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The Lens and the Looker
The Bronze and the Brimstone
The Loved and the Lost

Lory Kaufman Lory's Blog:
Thoughts, insights and rants by our favorite POST-dystopian author and fans.

*******BOFFO! review from******* ****MIDWEST BOOK REVIEWS*****

I would like to share this book review from Midwest Book Reviews.


“The Verona Trilogy” is a superbly crafted, three volume time-travel saga featuring the hazardous adventures of Hansum, Shamira and Lincoln, three 24th Century teenagers who find themselves transported back to 14th Century Verona. Author Lory S. Kaufman has a particular skill in developing a complex story arc of unexpected twists and cliff-hanger turns that will keep his readers fully entertained and engaged from beginning to end. Highly recommended, especially for personal and community library Science Fiction collections

-James A. Cox, Editor-in-Chief Midwest Book Review

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Reading for pleasure is not only fun . . .

. . . it’s also the most inexpensive form of entertainment and . . .  it’s good for your health.

Let’s discuss the economic value first.

At an average reading speed, a one hundred thousand word book will take a reader between twenty to forty-five hours to read. A book costing $10 therefore only costs 10 to twenty cents an hour for your entertainment. And you can read it again and again, or turn a family member or friend onto it.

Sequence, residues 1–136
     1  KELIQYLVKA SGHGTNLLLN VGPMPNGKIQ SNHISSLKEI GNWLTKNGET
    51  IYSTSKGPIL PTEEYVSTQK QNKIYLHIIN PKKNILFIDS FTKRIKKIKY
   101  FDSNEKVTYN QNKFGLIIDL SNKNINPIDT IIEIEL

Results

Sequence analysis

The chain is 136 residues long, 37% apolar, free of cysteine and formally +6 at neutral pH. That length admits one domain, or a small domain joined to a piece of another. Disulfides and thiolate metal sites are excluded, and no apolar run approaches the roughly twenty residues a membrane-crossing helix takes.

By the way, right now, The Lens and the Looker is being sold for 99 cents, so that’s a two to four pennies an hour.

As well as reading being economical, reading offers so much more. Here’s a quick list;

-where watching movies or television is a passive entertainment, reading necessitates the reader participate, so it engages your imagination.  This is very important, especially for children.

-reading strengthens the vocabulary, and improves spelling and grammar. We can all benefit from that.

-it’s a fact that people who read for pleasure know more about the world than people who just ingest visual media. (don’t get me wrong, I also go to the movies two and three times a month, but it’s a totally different art form.)

-apparently reading good literature develops a sharper ability to understand the people you encounter in your daily life. I think that’s because well-written, three dimensional characters, placed in believable life situations, even in fantasy or speculative fiction, shows readers the inner working of interesting characters’ minds.

-studies have shown that immersing yourself in a good book is the most effective way to overcome stress, better than listening to music, having a cup of tea or even taking a walk. (this doesn’t mean don’t exercise. I actually can’t be a productive writer unless I go to the gym five times a week.)

-reading before bed is a great way to forget the cares of the day, and it helps you sleep soundly.

So, keep healthy and read a good book.

Can you think of other benefits to reading?  Let me know.

By the way, (here comes the shameless self-promotion) there’s a whole new spate of reader reviews for The Lens and the Looker on Amazon and Barnes and Noble. You can check out by clicking on the link below.

Cheers and happy reading,


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